I’m a fan of all kind of weather stations. When Daniel Eichhorn twittered about his new version using an E-Paper display module, I immediately preordered one. I decided to build a station with a custom enclosure, so here is my version of a 3D printed version, featuring magnets so it can be attached to the fridge:
ARM Cortex-M microcontrollers can have multiple memory controllers. This is a good thing as it allows the hardware to do multiple parallel memory read/writes. However this makes the memory map more complicated for the software: it divides the memory into different regions and memory segments. This article is about how to enable FreeRTOS to use multiple memory blocks for a virtual combined memory heap:
The tools and IDE market is constantly changing. Not only there is every year at least one new major Eclipse IDE release, the commercial tool chain and IDE vendors are constantly changing the environment too. For any ARM Cortex-M development, the combination of Eclipse with the GNU tool chain provided by ARM Inc. is the golden standard. But this does not mean that things can be easily moved from one IDE package to another.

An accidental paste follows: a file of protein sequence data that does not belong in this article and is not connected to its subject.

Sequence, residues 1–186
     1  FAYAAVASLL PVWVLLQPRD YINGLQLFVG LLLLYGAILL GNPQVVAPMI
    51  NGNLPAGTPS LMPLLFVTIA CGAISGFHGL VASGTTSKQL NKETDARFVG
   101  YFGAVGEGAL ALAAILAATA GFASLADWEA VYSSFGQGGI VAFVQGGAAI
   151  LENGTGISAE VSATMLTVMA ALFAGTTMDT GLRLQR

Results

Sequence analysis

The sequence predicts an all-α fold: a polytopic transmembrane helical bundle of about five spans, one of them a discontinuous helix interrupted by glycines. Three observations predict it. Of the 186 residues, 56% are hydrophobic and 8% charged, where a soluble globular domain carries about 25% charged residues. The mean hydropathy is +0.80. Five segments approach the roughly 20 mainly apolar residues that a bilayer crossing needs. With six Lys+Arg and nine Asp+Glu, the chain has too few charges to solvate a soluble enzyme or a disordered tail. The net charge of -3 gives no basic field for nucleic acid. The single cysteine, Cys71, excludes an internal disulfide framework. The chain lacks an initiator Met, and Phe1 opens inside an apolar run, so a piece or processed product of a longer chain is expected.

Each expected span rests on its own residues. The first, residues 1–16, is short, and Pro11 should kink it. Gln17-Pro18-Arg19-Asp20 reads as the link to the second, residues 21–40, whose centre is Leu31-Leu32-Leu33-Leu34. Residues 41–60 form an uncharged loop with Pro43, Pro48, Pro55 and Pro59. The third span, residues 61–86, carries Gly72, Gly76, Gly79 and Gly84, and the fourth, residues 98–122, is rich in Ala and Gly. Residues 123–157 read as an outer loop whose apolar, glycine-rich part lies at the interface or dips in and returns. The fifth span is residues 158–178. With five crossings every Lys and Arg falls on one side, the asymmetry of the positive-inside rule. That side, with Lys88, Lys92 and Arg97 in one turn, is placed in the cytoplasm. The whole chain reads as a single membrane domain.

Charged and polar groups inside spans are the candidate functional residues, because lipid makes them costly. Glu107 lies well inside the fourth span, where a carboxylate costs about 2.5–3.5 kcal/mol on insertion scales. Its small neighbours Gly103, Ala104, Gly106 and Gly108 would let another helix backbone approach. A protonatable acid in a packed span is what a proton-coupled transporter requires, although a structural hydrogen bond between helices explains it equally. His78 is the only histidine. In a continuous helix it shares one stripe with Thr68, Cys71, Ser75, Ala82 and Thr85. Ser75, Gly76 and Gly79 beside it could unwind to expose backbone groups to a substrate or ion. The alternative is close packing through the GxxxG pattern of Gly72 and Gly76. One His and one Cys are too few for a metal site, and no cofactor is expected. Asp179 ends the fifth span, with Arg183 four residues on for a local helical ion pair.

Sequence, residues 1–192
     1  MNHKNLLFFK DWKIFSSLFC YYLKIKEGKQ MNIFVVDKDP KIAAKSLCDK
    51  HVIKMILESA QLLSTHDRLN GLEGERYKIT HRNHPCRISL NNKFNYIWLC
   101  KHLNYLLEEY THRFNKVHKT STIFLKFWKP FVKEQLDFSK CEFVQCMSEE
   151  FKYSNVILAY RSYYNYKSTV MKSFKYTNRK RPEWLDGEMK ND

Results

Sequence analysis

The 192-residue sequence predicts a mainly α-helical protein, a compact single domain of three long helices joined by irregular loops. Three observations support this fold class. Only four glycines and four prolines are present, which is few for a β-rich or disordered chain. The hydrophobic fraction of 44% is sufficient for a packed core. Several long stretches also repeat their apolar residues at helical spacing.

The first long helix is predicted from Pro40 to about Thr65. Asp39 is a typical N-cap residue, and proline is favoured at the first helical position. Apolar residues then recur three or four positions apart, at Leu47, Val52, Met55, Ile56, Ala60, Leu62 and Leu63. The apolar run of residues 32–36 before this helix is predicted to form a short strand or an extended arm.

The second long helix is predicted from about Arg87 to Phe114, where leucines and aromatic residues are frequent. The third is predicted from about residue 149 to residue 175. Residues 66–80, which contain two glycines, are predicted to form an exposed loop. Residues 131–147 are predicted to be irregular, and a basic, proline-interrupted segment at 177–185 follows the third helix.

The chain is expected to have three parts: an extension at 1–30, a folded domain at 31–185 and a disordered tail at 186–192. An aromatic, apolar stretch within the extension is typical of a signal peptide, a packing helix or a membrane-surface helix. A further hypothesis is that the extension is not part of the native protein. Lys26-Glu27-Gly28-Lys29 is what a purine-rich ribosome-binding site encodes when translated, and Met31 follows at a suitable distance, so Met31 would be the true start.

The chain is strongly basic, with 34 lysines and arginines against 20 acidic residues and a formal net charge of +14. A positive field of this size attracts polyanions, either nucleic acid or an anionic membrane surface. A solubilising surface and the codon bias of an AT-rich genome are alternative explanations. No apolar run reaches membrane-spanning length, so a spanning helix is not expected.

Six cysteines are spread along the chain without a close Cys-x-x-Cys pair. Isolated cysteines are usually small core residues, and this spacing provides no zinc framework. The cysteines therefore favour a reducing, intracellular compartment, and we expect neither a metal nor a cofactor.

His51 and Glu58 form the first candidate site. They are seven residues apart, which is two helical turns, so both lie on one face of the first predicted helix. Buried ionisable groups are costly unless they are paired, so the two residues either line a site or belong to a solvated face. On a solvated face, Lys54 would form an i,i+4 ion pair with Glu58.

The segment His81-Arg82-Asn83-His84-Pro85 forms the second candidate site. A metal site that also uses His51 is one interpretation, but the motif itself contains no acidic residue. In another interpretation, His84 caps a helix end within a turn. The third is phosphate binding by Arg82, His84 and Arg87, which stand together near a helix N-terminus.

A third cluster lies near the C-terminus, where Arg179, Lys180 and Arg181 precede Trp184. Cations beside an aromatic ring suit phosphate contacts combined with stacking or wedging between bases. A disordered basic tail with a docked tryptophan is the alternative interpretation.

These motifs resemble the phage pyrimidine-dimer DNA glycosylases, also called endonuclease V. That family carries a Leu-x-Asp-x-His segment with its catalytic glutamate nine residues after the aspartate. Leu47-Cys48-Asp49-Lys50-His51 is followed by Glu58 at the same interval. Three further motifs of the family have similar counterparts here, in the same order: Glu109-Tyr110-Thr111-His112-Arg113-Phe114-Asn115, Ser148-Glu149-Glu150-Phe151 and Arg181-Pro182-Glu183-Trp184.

While moving between Eclipse versions and GNU versions is usually not a big deal at all, moving between the Eclipse build tool integration is usually not simple. While the GNU MCU Eclipse plugins are widely used (see Breathing with Oxygen: DIY ARM Cortex-M C/C++ IDE and Toolchain with Eclipse Oxygen), the Eclipse based IDEs from the silicon vendors or commercial Eclipse toolchain vendors are using their own GNU toolchain integration. Which means the project files are not compatible :-(.
Eclipse as IDE takes care about compiling and building all my source files. But in an automated build system I would like to build it from the command line too. While using make files (see “Tutorial: Makefile Projects with Eclipse“) is an option, there is another easy way to build Eclipse projects from the command line:
Last month (June 2017), the latest version of Eclipse “Oxygen” has been released, and I have successfully used it in several embedded projects. Time to write a tutorial how to use it to build a custom Do-It-Yourself IDE for ARM Cortex-M development: simple, easy, unlimited and free of charge. While the DIY approach takes a few minutes more to install, it has the advantage that I have full control and I actually know what I have.
I love 3D printing as it enables me to create custom enclosures for all kind of projects. The NXP LPC-Link2 probe is great, but it lacks a protective enclosure. So I decided to create a custom enclosure. And as 3D filaments are available in different colors, I experimented with red and black and custom painting:
FreeRTOS seems to get more and more popular, and I think as well because more and more debugger and Eclipse IDE vendors add dedicated debugging support for it.
Good news! There is an updated version of the EmbSysRegView v0.2.6 available which works now for Eclipse Neon and Oxygen :-).